For support crew I have Jane (sister) returning, Zoe a Bilbys friend who wants to find out what Geo is about with the aim of possibly competing next year, Tom (Zoe's partner, who is likely to be roped in as support next year), James a mountain biking friend with bike mechanic experience to wrench and stuff and Louise (Jane's flatmate) who sounded enchanted with the support thing after Jane described it last year (I hope Louise fails to realise last year Jane had a remarkably easy support job due to the course structure, but hey if you wont tell her I wont...)
Next we had to get a pair of double sea kayaks, preferably fibreglass (lighter and generally thinner and faster) and ensure we had the rest of the gear needed (lights and batteries sufficient to last two nights in a row when we may be separated from our support crew for a long time), and generally commit to doing the race.
I have a new toy I bought which will take care of one of the above requirements, I will probably mention it next week when I get it, other than that we have been out doing some training and sussing out some of the gear and talking in the team about what conditions have been like previously and will be like this year.
Our main goal is to have fun and complete the course, we think we stand a good chance of meeting both goals. Bruce is overseas for work this week, however last night Craig, Danealle and I went out for a hill hike on Mt Ainslie which was fun, this was after a paddle yesterday morning with Danealle. This morning Craig and I both rode with the Bilbys road bunch and then headed to the lake for another paddle. I guess if nothing else this gives me something to get off my lazy arse an do some exercise for <g>.
The team motto for the event is "Because its there and fun will be had" and the bio I put in with the race entry was
4 Canberrans who constantly find there is more fun to be had outdoors than in our loungerooms.
False advertising on ride speed - 10:23
Though there was a CORC race on that arguably I should have done as I need the fitness and speed from the race I decided to take the soft option and head out for this road ride.
However upon finding the bunch I see Allan's email had convinced around 30 of the Vets club members into joining in the fun, this included the likes of Nick, Chris, Pete H who like to go fast and a few others who, due to there being no race this weekend decided it would be fun to go a bit faster.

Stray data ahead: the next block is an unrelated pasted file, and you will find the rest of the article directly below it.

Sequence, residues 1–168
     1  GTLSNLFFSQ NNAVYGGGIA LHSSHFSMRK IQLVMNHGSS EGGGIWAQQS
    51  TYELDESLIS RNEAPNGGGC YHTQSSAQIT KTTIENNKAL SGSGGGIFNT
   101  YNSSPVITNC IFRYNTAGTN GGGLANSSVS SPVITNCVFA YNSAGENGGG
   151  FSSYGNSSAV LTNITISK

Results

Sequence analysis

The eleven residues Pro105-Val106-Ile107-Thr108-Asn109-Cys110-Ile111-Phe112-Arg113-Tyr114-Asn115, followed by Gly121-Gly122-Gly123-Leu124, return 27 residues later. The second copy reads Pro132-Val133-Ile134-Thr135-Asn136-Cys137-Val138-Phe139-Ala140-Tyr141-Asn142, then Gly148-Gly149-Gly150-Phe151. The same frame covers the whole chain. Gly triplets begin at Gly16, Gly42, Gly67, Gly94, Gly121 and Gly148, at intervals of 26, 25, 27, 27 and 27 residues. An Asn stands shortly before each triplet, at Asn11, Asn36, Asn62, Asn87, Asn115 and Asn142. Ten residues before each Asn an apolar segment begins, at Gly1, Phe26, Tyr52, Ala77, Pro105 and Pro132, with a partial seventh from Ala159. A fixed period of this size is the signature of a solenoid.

Thus we ended up doing the 100 KM ride with an average speed of 34 KMh, which fortunately was easy if you stayed sitting in the bunch the whole time, however it was entertaining to tease Allan on his ride with far more people and a much higher average speed than sort of advertised.
Obscurity, P=NP etc, Hash Visualisation - 10:23
It is interesting to see some companies such as Kryptonite eventually reacted, others seem intent on denying public information, or trying to shut down people who know about it. In computing it is a well known fact (although still ignored by too many people/companies) that security through obscurity will not work, public design and analysis by experts in the field however does work and should be used for things that need to be secure. Although one aspect that comes to mind here is that in the case of locks you may not want to make them impossible as other attack vectors are then used. As the article mentions crooks seem to prefer using a hammer (or maybe explosives) over opening the locks through lock exploits. There were some discussions about this in the car that were I think linked to by Schneier a few years back.
Next was an interesting wikipedia page linked to by kottke, a list of unsolved problems from a number of different field, those listed in Computing are familiar, however looking through the collected information on those in other fields is pretty fascinating. Mmmmmm wikipedia goodness.
Catching up on some LWN reading and I see the mention of a new OpenSSH version approaching, in the list of new features is "Experimental SSH fingerprint visualisation" with a paper (pdf) linked. So I download and had a read of the paper, largely to see what sort of images they generate. It is good to see some work on what is one of the biggest security weaknesses out there, the humans using secure systems.
Through the pearly gates in a 200 mph fireball - 10:23
I remember watching the old series with Clarkson in it when I was living in the UK in 1993, though at the time I paid some small interest in cars (such as watching Ayrton Senna in F1 races) I do not recall Top Gear being so amusing. I suspect they really ramped up the humour of it when they changed the format and started the new series in 2002. My amusement at the pearly gates expression has me trying to think of a few expressions for how various people may want to go, somewhat macabre maybe but I am trying to think of it in a similar manner to my Fairy Tales in the key of Klingon post. Alas nothing comes to mind yet.
What is happening to these magazines - 10:23
Anyway I purchased a copy of the magazine Ausralian Mountain Bike, it appears my subscriptiuon ran out as it did not arrive at work the past few weeks, anyway I was told by a few friends in the past two weeks that this issue was kind of abysmal, I was hoping they would be wrong and all that, however I think this time I have to agree, the only articles I found interesting this issue were the columns by Jim Trail and TTfH (Tony Fathers), and to some extent this may simpy be because they are friends.
I think the thing that turned me off in this issues was simply nothing grabbed my attention, most issues a least one or two stories/articles manage to look good and turn out to be good reading, I suppose I should try to quantify why this time nothing grabbedmy attention and usually something can, I think I will instead simply leave my brain on downtime tonight however.
Glad to be doing a ride again - 10:23
BOB United Flight - 10:23
Caffeine and glycogen storage, maybe the roadies have it right - 10:23